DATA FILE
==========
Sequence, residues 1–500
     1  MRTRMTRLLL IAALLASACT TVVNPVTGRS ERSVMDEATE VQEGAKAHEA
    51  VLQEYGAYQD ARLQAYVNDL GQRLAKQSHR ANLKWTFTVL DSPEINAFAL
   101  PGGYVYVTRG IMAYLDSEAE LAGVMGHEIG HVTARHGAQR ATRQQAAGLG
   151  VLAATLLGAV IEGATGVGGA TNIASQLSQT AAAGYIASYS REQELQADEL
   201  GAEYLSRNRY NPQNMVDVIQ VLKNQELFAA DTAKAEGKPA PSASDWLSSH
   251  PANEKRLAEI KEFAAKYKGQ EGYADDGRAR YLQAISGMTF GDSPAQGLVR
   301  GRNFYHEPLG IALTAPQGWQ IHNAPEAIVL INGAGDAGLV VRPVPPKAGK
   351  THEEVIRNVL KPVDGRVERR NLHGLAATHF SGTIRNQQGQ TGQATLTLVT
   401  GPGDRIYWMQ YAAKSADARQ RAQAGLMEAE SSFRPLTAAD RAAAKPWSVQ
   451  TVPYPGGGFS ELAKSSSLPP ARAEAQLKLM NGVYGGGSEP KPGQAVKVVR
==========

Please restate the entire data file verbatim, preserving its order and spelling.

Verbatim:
Sequence, residues 1–500
     1  MRTRMTRLLL IAALLASACT TVVNPVTGRS ERSVMDEATE VQEGAKAHEA
    51  VLQEYGAYQD ARLQAYVNDL GQRLAKQSHR ANLKWTFTVL DSPEINAFAL
   101  PGGYVYVTRG IMAYLDSEAE LAGVMGHEIG HVTARHGAQR ATRQQAAGLG
   151  VLAATLLGAV IEGATGVGGA TNIASQLSQT AAAGYIASYS REQELQADEL
   201  GAEYLSRNRY NPQNMVDVIQ VLKNQELFAA DTAKAEGKPA PSASDWLSSH
   251  PANEKRLAEI KEFAAKYKGQ EGYADDGRAR YLQAISGMTF GDSPAQGLVR
   301  GRNFYHEPLG IALTAPQGWQ IHNAPEAIVL INGAGDAGLV VRPVPPKAGK
   351  THEEVIRNVL KPVDGRVERR NLHGLAATHF SGTIRNQQGQ TGQATLTLVT
   401  GPGDRIYWMQ YAAKSADARQ RAQAGLMEAE SSFRPLTAAD RAAAKPWSVQ
   451  TVPYPGGGFS ELAKSSSLPP ARAEAQLKLM NGVYGGGSEP KPGQAVKVVR